Expertise | Evaluation

Evaluation of the Local Initiatives Support Corporation: Sustaining Communities Initiative – Philadelphia

Metis is evaluating the Sustainable Communities Initiative—part of the Local Initiatives Support Corporation—in Philadelphia, where community members transformed Rainbow de Colores Park.

In 2007, the Local Initiatives Support Corporation, a national organization, launched the Sustainable Communities Initiative (SCI) in West Philadelphia, where low-income residents had long faced crime, inadequate educational opportunities, and poor health. In 2010, SCI was expanded to Eastern North Philadelphia. SCI is part of a new generation of community development initiatives that are built on lessons from past decades' efforts to revitalize cities and overcome the effects of poverty. SCI's organizers are taking a broad view of change, deeply engaging community residents, businesses, and two universities in their holistic approach to solving neighborhood challenges. Metis Associates was selected in 2011 to conduct a three-year evaluation of SCI, in both Eastern North and West Philadelphia. For SCI, there are several important factors involved in the theory of change, but most important, the lead agencies are joining forces with other community stakeholders and residents to come to agreement on the priorities for the neighborhoods.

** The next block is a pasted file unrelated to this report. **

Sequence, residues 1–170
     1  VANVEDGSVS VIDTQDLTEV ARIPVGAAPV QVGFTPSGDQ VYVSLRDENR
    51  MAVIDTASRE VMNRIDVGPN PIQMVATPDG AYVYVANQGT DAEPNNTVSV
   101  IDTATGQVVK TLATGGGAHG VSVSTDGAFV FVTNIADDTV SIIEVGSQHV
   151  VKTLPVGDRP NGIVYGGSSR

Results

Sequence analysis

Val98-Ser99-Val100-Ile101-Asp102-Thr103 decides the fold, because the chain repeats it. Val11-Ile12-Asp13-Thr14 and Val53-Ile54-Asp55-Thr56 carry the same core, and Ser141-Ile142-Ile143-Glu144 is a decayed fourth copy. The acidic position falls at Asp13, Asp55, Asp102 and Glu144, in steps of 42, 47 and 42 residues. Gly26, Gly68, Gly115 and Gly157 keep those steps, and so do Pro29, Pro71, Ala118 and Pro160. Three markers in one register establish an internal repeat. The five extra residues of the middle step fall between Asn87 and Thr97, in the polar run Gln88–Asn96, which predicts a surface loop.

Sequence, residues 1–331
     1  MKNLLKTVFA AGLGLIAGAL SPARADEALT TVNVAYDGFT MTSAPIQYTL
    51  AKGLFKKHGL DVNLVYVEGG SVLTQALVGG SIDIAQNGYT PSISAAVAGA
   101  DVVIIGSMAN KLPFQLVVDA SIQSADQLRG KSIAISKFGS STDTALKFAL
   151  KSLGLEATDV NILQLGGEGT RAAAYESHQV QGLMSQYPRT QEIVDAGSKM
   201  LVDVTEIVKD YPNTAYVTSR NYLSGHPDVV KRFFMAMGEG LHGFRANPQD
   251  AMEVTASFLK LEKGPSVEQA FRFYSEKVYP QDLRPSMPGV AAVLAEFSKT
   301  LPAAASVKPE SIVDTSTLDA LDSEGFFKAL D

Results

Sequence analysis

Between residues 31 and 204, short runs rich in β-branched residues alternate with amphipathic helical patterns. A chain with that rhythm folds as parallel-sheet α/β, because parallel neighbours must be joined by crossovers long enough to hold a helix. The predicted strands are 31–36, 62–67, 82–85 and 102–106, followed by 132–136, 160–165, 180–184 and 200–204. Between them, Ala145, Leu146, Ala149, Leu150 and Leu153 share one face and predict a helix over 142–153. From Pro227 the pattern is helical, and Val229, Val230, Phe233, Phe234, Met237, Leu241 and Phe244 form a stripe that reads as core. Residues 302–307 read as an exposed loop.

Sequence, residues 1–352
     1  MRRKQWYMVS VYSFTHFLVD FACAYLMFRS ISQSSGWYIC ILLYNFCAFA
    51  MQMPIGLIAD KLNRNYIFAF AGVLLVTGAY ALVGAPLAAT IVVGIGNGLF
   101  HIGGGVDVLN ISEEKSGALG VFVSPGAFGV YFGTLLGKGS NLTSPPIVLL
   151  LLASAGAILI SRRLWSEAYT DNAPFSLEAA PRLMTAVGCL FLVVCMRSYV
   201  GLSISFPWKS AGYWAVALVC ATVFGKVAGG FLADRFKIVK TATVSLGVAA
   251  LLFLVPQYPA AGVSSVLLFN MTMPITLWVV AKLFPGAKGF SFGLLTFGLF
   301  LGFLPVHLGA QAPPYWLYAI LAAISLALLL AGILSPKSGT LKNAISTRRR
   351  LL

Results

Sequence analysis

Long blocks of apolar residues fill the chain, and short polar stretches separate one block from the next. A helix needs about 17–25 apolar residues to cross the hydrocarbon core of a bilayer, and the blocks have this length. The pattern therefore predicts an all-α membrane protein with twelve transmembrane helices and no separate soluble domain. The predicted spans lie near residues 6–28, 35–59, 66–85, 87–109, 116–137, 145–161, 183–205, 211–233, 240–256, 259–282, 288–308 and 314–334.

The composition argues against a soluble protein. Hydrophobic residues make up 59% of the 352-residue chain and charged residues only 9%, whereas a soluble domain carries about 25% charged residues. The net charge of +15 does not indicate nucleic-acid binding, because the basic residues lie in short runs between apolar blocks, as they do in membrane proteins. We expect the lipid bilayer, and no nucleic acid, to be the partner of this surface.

Metis began by helping the organizers articulate their theory of change, map out measurable indicators of progress, such as health, employment, and crime, and start to collect data on these indicators.

Metis is currently evaluating the initiative's implementation in both neighborhoods, and findings show that SCI has yielded some early successes. For example, in West Philadelphia, The Enterprise Center—one of the participating organizations—opened the Dorrance H. Hamilton Center for Culinary Enterprises in an abandoned supermarket to provide space for residents who wanted to launch careers in catering but had been prevented by high start-up costs from doing so. In Eastern North Philadelphia, community members rehabilitated an unsafe and underutilized park, renamed Rainbow de Colores. Now, children climb on new playground equipment and adults play handball or relax on park benches among flowers planted by the Pennsylvania Horticultural Society. In future years, Metis will collect neighborhood data to examine progress across the community indicators defined in the theory of change.